9

THERE THE FIRST THING

BooK V, CHAPTER 9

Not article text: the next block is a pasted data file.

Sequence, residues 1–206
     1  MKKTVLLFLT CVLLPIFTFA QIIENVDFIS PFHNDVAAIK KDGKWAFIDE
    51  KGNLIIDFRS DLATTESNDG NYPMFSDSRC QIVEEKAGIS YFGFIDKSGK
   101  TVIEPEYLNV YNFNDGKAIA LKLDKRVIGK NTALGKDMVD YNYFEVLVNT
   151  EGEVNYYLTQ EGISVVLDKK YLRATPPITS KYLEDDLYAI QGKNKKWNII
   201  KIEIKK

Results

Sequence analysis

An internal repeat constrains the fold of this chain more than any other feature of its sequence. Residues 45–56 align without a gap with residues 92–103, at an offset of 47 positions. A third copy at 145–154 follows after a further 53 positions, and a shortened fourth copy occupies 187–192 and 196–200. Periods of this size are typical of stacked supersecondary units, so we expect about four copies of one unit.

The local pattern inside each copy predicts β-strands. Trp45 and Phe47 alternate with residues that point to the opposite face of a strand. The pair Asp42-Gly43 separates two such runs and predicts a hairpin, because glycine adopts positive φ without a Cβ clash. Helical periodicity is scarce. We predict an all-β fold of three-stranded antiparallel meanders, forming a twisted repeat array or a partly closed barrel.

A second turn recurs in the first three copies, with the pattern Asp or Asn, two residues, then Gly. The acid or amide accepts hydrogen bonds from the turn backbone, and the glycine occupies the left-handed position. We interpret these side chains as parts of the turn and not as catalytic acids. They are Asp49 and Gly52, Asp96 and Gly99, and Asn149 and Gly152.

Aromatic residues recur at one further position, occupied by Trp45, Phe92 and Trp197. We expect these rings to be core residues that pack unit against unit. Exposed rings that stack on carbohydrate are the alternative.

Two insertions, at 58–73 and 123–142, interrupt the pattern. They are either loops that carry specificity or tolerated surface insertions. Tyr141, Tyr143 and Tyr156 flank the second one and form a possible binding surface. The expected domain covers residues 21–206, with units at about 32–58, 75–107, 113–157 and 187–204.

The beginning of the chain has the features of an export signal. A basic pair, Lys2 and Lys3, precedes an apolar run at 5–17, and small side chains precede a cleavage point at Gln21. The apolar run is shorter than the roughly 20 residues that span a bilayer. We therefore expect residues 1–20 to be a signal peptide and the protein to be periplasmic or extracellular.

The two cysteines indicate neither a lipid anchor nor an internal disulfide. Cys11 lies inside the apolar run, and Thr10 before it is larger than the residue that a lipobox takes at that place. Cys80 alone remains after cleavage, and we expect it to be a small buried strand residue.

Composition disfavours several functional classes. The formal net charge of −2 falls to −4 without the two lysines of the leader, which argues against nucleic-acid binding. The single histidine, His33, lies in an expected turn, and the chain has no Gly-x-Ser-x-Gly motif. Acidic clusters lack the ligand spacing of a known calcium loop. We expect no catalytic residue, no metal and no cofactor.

was how I thought of Him? Just as the death of His flesh seemed to me not true, so true was the death of my soul, and j ust as the death of His flesh was true, so false was the life of my souL which did not believe in it. My fever grew worse and worse. I was very nearly gone and very nearly lost. For, if I had gone then, where should I have gone except to the fire and the torments which in the truth of your ordinance my deeds deserved? My mother knew nothing of my illness, yet, though she was far away, she continued to pray for me. But you, who are present everywhere, heard her where she was and pitied me where I was, so that I regained my bodily health, though I was still sick enough in my sacrilegious heart. For even in this great danger I did not long for your baptism. Indeed I was better when I was a boy and begged for this from my mother's piety, as I have al­ ready recalled in my confession. But I had grown up into my own shame; I madly mocked at the medicine prescribed by you, who would not allow me in my pres­ ent state to die a double death. If I had so died and my mother's heart had been struck with that wound, it would never have been cured again. For I cannot express how she loved me and how she labored with much greater pain to give me birth in the spirit than she had suffered when giving birth to me in the flesh. So I cannot see how she could have been cured, if I had died a death like this and the very core of her love for me had been pierced through by it. And where then would have been all those prayers of hers which she uttered day and night without ceasing? Nowhere but with you. But would you, God of mercies, despise the contrite and humbled heart of that chaste and good widow, who was so constant in almsgiving, so willing and ready in the service of your saints, who never let a day pass without making her ob­ lation at your altar, who used to go twice a day, without any exception, in the morning and in the evening, to your Church, not to listen to idle gossip and old wives' tales, but that she might listen to you in the sermons preached and that you might listen to her as she prayed?